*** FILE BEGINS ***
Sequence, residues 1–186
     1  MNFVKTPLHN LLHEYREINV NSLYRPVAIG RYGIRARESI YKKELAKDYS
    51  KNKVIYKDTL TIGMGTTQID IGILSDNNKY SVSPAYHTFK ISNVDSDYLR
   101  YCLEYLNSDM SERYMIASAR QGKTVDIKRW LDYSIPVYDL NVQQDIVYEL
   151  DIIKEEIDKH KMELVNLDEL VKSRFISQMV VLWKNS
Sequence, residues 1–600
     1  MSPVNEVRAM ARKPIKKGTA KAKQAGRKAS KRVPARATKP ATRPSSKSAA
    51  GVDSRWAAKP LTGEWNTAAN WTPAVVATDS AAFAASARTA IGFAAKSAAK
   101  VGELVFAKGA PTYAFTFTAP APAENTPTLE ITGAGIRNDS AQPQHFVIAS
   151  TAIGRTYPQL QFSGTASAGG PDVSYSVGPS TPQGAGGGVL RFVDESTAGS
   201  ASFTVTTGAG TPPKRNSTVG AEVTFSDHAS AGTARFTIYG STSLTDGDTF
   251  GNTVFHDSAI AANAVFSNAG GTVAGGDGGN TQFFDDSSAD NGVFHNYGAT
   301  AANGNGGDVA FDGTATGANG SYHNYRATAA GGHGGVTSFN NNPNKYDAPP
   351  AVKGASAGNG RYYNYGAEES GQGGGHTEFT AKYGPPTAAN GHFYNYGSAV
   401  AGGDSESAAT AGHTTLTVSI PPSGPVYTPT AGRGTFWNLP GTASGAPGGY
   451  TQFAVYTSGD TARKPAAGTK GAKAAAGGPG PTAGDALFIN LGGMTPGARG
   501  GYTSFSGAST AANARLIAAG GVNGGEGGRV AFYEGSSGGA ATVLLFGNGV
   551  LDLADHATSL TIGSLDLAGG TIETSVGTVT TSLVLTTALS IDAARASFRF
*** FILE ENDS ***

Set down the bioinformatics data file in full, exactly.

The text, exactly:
Sequence, residues 1–186
     1  MNFVKTPLHN LLHEYREINV NSLYRPVAIG RYGIRARESI YKKELAKDYS
    51  KNKVIYKDTL TIGMGTTQID IGILSDNNKY SVSPAYHTFK ISNVDSDYLR
   101  YCLEYLNSDM SERYMIASAR QGKTVDIKRW LDYSIPVYDL NVQQDIVYEL
   151  DIIKEEIDKH KMELVNLDEL VKSRFISQMV VLWKNS
Sequence, residues 1–600
     1  MSPVNEVRAM ARKPIKKGTA KAKQAGRKAS KRVPARATKP ATRPSSKSAA
    51  GVDSRWAAKP LTGEWNTAAN WTPAVVATDS AAFAASARTA IGFAAKSAAK
   101  VGELVFAKGA PTYAFTFTAP APAENTPTLE ITGAGIRNDS AQPQHFVIAS
   151  TAIGRTYPQL QFSGTASAGG PDVSYSVGPS TPQGAGGGVL RFVDESTAGS
   201  ASFTVTTGAG TPPKRNSTVG AEVTFSDHAS AGTARFTIYG STSLTDGDTF
   251  GNTVFHDSAI AANAVFSNAG GTVAGGDGGN TQFFDDSSAD NGVFHNYGAT
   301  AANGNGGDVA FDGTATGANG SYHNYRATAA GGHGGVTSFN NNPNKYDAPP
   351  AVKGASAGNG RYYNYGAEES GQGGGHTEFT AKYGPPTAAN GHFYNYGSAV
   401  AGGDSESAAT AGHTTLTVSI PPSGPVYTPT AGRGTFWNLP GTASGAPGGY
   451  TQFAVYTSGD TARKPAAGTK GAKAAAGGPG PTAGDALFIN LGGMTPGARG
   501  GYTSFSGAST AANARLIAAG GVNGGEGGRV AFYEGSSGGA ATVLLFGNGV
   551  LDLADHATSL TIGSLDLAGG TIETSVGTVT TSLVLTTALS IDAARASFRF